About 55.5 million years ago, geologically rapid emission of a large volume of greenhouse gases at the Paleocene-Eocene boundary (PETM) led to global warming of about 5oC, severe ocean acidification, and widespread extinction of microscopic organisms living on the deep-sea floor (foraminifera).
A study of survivors of the extinction provides unique insight into the response of deep-sea calcifiers to past episodes which resemble the potential future consequences of fossil fuel CO2 emissions. The organisms, contrary to expectations from experiments, actually increased the thickness of their shells during ocean acidification, with organisms living buried within the sediment able to survive better than forms living on the sediment surface.
The research, by scientists from the University of Bristol (UK) and Yale University (USA), is reported in this week’s early edition of the Proceedings of the National Academies of Science.
The team used Synchrotron Radiation X-ray Tomographic Microscopy (SRXTM) at the TOMCAT beamline at the Swiss Light source, Paul Scherer Institute (Switzerland) to generate high resolution (0.37 µm), 3D images of deep-sea benthic foraminifera, unicellular organisms which make fossil shells of about the size of the full-stop at the end of this sentence.
This non-destructive technique was used to understand the effects of ocean acidification on the growth of deep-sea calcifiers during the massive ocean acidification of the PETM, when an estimated 35-50 per cent of deep-sea benthic foraminifera went extinct. The team studied the most common surviving species, evaluating what might have enabled them to cope with extreme ocean acidification. The PETM has been described as one of the best analogues for anthropogenic carbon emissions, despite its rate of emission estimated at an order of magnitude slower than today’s.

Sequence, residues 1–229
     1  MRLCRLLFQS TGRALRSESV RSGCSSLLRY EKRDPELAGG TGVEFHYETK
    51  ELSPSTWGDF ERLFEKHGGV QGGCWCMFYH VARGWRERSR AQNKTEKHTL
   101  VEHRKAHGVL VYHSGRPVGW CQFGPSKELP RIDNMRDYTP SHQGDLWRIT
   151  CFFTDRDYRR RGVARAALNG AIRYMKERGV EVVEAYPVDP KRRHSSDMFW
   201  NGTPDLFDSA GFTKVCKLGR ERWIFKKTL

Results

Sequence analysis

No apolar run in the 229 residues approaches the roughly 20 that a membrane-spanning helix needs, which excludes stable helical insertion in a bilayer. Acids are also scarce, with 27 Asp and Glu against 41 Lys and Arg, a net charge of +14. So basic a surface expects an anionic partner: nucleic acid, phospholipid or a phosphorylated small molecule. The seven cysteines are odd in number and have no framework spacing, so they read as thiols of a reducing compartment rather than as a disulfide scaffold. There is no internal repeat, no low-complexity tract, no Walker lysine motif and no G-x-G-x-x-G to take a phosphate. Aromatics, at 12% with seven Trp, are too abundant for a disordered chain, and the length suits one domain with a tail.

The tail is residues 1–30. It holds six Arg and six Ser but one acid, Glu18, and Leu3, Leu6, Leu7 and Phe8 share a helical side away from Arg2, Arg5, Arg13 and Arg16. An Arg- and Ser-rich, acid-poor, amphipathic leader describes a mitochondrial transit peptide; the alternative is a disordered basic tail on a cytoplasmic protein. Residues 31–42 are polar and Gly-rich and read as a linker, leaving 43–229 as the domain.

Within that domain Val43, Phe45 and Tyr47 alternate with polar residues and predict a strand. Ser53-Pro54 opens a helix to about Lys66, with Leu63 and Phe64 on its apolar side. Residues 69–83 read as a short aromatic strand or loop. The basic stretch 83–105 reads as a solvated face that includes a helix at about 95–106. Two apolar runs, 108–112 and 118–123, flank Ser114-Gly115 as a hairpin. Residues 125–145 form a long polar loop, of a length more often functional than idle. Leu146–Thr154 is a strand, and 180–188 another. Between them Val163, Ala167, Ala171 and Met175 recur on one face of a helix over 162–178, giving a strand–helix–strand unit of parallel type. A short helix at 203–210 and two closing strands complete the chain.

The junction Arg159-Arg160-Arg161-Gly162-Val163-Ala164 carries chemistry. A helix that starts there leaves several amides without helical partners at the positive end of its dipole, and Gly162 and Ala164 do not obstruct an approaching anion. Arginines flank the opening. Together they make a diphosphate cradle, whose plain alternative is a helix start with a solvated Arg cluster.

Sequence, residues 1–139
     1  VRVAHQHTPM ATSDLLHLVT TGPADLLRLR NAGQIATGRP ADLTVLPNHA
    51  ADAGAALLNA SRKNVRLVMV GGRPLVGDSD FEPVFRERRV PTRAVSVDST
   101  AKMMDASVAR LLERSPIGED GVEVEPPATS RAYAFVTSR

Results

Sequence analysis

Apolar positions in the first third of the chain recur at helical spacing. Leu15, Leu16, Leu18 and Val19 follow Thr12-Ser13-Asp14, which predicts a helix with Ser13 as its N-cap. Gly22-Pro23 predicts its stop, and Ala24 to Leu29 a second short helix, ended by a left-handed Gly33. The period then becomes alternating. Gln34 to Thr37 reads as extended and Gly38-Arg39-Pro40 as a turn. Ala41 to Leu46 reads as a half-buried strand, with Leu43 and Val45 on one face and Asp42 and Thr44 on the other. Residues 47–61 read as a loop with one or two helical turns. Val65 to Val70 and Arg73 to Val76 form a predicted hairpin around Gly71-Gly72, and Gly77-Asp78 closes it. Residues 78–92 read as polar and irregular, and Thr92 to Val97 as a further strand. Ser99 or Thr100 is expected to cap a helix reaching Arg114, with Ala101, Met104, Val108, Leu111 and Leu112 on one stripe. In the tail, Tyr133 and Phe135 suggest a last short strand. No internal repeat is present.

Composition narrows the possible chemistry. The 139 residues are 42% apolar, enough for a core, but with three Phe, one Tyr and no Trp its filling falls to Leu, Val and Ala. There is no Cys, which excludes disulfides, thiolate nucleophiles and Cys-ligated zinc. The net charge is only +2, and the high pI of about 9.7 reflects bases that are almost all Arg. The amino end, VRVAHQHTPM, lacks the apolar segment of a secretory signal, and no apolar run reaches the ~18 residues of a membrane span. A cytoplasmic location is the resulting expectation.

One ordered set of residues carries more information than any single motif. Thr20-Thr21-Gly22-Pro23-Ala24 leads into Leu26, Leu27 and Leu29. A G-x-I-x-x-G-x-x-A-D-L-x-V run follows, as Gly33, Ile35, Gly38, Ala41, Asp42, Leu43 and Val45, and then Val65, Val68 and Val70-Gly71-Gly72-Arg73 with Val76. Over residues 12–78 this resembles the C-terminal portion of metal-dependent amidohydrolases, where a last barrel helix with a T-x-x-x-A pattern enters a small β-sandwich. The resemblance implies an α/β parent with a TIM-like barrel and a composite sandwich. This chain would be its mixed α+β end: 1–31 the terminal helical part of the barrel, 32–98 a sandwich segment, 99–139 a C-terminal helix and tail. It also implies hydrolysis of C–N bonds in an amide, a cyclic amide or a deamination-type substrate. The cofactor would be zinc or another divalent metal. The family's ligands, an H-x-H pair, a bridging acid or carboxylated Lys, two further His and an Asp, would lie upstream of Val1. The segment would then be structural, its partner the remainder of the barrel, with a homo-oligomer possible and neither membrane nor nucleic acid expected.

Dr Laura Foster, first author of the paper, and post-doctoral researcher at the University of Bristol’s School of Earth Sciences, explained: “We use state-of-the-art techniques to virtually section foraminifera, and gain insight in their shell construction, duration of life and mode of reproduction. We have much to learn about and from single-celled organisms, which serve as monitoring organisms for deep-sea calcifiers in general, and their response to past ocean acidification. They are a crucial part of the huge deep-sea oceanic ecosystem, and understanding what happened to them during acidification in the past is critical to improving projections on the effects of future climate change.”
Dr Daniela Schmidt, a Royal Society Research Fellow at Bristol’s School of Earth Sciences, added: “Short-term experiments cannot provide information on ways in which organisms can acclimatise, adapt or evolve in the long term. We used the geological record to examine the impact of multiple stressors, such as changes in carbonate chemistry and temperature, to provide information on how organisms adapt to large CO2 releases.”
Professor Ellen Thomas from Yale University, co-author on the paper and currently a visiting Leverhulme Professor at the University of Bristol added: “The calcite shells of benthic foraminifera are widely used to measure trace elements and isotopes used to reconstruct such parameters as temperature and carbonate saturation. The methods developed at the University of Bristol to gain insight in the 3D structure of microscopic fossils are crucial in increasing understanding of such environmental proxies, as well as the organisms themselves.”